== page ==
Art Marketing: How to Sell your Art in the Modern Marketplace

In a crowded and competitive marketplace, it’s impossible to overstate the importance of art marketing.

It can take time to become a self-sufficient artist. But, with the right approach to art marketing, you can lay the foundations for a successful career in the creative industries.

To help you make it as a promotion pro, we’ve compiled a handy guide of the best ways to sell your art in the modern marketplace. Read on for the key art marketing techniques that will get your latest canvas sold in no time.

Go Solo

Image of the website-building platform "Squarespace", which you can use to create your own online portfolio
Websites such as Squarespace simplify the process of building your own website

We recently listed the best websites for building your own online portfolio, so we’ll begin with the reminder that you can always take the DIY approach.

Sites like Squarespace, Carbonmade and Wix make it easy to set up your own domain – giving you a personal platform for showcasing your work, and even selling it yourself from within the site.

In fact, setting up your own website is crucial to self-promotion, so you should really do so even if it’s not your primary means of marketing your art.

Having your own personalised domain creates an air of professionalism, and that can be a big factor in convincing a potential buyer part to with their cash.

Use Online Galleries…

Image of the online art gallery "ARTmine"
ARTmine is one of the few quality online galleries where you can sell your artwork

There’s a select handful of reputable online galleries, which means there’s no massive headache in deciding where to showcase your wares.

We recommend ARTmine, Saatchi Art, Artfinder and Degree Art – four well managed sites with very reasonable commission demands.

Using sites like these is becoming an industry standard. As with real-world art galleries, they offer the advantage of presenting your work to the right demographic.

And since they have a vested interest in selling your work, you can rest assured that the site’s curators will employ all of their industry expertise to promote your art to their visitors.

… and Online Marketplaces

Image of the online craft and design marketplace "Folksy"
Online marketplaces such as Folksy tend to charge artists very low commission rates

Marketplaces differ from galleries in that they don’t have curators promoting your work for you. It’s a more competitive forum for selling your art, but one with a broader audience and smaller commission fee.

Marketplaces like Etsy, Folksy and ArtPal offer incredibly low commission rates (as little as 3.5%), so you can see the immediate benefits of promoting your art here.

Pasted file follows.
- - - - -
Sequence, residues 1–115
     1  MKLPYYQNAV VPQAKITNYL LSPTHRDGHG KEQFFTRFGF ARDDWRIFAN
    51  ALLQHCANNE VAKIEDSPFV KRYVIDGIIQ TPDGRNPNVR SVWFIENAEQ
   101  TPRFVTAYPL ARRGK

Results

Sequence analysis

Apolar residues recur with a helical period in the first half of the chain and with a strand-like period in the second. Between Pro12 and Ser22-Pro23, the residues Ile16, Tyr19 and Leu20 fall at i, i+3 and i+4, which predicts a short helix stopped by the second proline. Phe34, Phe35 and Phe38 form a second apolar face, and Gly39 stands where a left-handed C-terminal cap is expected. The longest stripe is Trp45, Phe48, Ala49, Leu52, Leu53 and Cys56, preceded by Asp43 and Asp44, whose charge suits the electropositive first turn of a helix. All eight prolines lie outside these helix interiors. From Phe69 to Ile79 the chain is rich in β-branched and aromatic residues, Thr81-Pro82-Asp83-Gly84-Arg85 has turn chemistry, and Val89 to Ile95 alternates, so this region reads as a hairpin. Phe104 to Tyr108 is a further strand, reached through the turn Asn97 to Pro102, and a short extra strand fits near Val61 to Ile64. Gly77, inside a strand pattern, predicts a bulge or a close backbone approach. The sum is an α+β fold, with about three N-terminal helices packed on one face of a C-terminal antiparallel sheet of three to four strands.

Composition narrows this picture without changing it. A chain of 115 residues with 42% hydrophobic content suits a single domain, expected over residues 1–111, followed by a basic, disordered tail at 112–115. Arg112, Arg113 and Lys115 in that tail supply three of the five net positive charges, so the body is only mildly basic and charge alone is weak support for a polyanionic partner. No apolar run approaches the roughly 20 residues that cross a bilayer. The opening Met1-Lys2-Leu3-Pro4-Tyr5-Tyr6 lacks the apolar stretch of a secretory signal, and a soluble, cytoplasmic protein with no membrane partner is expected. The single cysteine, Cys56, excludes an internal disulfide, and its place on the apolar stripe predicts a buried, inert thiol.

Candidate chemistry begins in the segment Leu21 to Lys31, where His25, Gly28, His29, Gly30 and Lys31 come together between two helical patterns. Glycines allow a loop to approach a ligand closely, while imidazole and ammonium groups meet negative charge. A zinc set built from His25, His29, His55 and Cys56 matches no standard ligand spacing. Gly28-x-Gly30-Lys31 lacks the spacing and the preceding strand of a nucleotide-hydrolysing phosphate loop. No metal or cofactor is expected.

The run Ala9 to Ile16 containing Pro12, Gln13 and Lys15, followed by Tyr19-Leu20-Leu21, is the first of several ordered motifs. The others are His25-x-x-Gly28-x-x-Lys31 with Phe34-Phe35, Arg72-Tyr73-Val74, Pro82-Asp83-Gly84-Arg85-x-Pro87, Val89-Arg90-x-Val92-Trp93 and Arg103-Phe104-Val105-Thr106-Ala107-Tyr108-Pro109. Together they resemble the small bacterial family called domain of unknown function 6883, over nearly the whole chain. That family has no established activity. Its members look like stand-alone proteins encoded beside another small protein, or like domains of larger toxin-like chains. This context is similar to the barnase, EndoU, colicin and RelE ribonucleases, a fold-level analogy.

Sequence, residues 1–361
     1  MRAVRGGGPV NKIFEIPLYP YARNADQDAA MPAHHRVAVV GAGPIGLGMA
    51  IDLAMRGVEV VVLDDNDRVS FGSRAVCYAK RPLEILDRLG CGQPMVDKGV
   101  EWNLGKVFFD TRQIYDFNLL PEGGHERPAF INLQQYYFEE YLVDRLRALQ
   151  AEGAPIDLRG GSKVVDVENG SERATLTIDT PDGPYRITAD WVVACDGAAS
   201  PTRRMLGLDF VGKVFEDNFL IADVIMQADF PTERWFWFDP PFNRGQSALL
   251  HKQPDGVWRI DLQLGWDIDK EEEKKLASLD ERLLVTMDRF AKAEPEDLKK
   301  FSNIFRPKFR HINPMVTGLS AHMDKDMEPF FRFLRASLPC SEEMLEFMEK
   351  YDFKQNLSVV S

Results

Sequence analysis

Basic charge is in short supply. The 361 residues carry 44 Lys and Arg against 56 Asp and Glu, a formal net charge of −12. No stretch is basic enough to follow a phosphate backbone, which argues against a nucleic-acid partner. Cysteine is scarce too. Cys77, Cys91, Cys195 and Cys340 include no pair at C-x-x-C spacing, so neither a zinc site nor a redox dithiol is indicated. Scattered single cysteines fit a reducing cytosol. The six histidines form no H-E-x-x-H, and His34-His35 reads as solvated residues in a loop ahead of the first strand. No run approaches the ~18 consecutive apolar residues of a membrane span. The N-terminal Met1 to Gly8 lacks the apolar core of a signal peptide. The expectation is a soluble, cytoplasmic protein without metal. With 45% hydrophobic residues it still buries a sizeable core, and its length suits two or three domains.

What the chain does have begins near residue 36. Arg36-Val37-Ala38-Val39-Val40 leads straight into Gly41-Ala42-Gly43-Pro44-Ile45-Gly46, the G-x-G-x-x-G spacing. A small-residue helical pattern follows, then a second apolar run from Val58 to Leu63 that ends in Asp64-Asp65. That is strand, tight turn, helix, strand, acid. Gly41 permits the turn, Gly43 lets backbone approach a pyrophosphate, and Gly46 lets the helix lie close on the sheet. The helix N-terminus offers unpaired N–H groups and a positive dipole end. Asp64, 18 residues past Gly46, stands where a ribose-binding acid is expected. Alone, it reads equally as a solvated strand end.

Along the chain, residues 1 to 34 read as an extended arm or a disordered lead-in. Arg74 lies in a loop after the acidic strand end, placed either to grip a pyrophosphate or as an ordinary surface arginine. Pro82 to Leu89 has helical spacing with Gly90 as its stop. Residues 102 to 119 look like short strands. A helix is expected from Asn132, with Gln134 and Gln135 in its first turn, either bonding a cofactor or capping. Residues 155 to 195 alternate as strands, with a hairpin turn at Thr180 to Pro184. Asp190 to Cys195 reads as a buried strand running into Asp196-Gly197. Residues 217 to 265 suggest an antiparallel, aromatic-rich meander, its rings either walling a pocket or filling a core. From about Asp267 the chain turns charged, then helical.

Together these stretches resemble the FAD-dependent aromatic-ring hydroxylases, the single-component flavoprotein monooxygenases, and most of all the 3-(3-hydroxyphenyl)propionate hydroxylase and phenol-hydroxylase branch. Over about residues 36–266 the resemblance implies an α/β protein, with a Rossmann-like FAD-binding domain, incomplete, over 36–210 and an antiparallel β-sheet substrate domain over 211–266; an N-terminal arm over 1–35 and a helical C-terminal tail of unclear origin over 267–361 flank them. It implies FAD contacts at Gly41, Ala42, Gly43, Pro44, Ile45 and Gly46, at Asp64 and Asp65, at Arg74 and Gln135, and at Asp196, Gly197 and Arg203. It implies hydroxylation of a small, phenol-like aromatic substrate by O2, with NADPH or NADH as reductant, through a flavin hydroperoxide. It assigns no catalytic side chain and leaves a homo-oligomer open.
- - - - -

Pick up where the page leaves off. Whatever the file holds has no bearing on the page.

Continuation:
Smaller, lower-priced pieces tend to do well on these sites, since you’re selling to a more general audience rather than knowledgeable collectors.

Unlike with galleries, there’s no real “middle man” on marketplace websites – making them a useful tool for establishing an ongoing relationship with customers.


Image of the Twitter account of artist Julia Forsyth
An artist’s Twitter account (like that of Julia Forsyth, pictured here) is a great way for them to engage the interest of potential customers

As a professional artist, the benefits of using social media are endless: to get your name out in the art world, promote your brand and boost your sales.

Social media is right at the broad end of the art marketing spectrum – a massive, unfiltered network of users that you need to sift through and target in order to find interested consumers.

This means that marketing your art via social media can be hard work. Whatever platform you’re using (for best results, use several), you’ll need to engage with users and interest them in your art.

Your motivation is the chance to convert complete strangers into your personal clients, without the need for the in-between step of a gallery or marketplace. In this way, a strong social media presence is the perfect accompaniment to your personal website.

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Stay Live

Image of a potential buyer viewing art in a live exhibition
Live exhibitions remain an important promotional tool for artists

The internet may have opened the art industry up to a much wider and more immediate audience, but that doesn’t mean that traditional methods of art marketing should be ignored.

Face-to-face promotion can often be a more straightforward sell, giving buyers the chance to experience your art directly (and to picture it on their wall more easily!) before purchasing.

Feature your work in live exhibitions; set up or rent studio space; enter any art competitions that you can – anything that creates a real-world, physical presence for your portfolio of work.

The relationship-building aspect of art marketing is often much simpler (and more enjoyable) in person. The internet is an incredible sales tool, but the “old-fashioned” approach remains invaluable in building your brand and establishing credibility.

For more tips on self-promotion and building your brand, you can check out our article on How to Launch your Personal Brand, and download our free eBook on How to Succeed as a Freelancer:

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Are you interested in studying art and design online? Why not find out more about the University of Hertfordshire accredited BA (Hons) and MA courses in Graphic Design, Illustration, Photography, Fine Art and Interior Architecture, delivered to you 100% online by IDI?

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